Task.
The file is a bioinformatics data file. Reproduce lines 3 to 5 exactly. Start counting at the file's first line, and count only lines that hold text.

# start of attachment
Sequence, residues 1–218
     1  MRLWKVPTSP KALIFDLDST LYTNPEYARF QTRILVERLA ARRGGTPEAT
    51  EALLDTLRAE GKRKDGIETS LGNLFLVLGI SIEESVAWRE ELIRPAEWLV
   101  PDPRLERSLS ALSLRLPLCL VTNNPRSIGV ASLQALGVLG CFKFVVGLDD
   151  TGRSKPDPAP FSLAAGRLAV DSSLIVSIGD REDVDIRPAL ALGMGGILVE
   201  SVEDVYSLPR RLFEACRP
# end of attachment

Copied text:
    51  EALLDTLRAE GKRKDGIETS LGNLFLVLGI SIEESVAWRE ELIRPAEWLV
   101  PDPRLERSLS ALSLRLPLCL VTNNPRSIGV ASLQALGVLG CFKFVVGLDD
   151  TGRSKPDPAP FSLAAGRLAV DSSLIVSIGD REDVDIRPAL ALGMGGILVE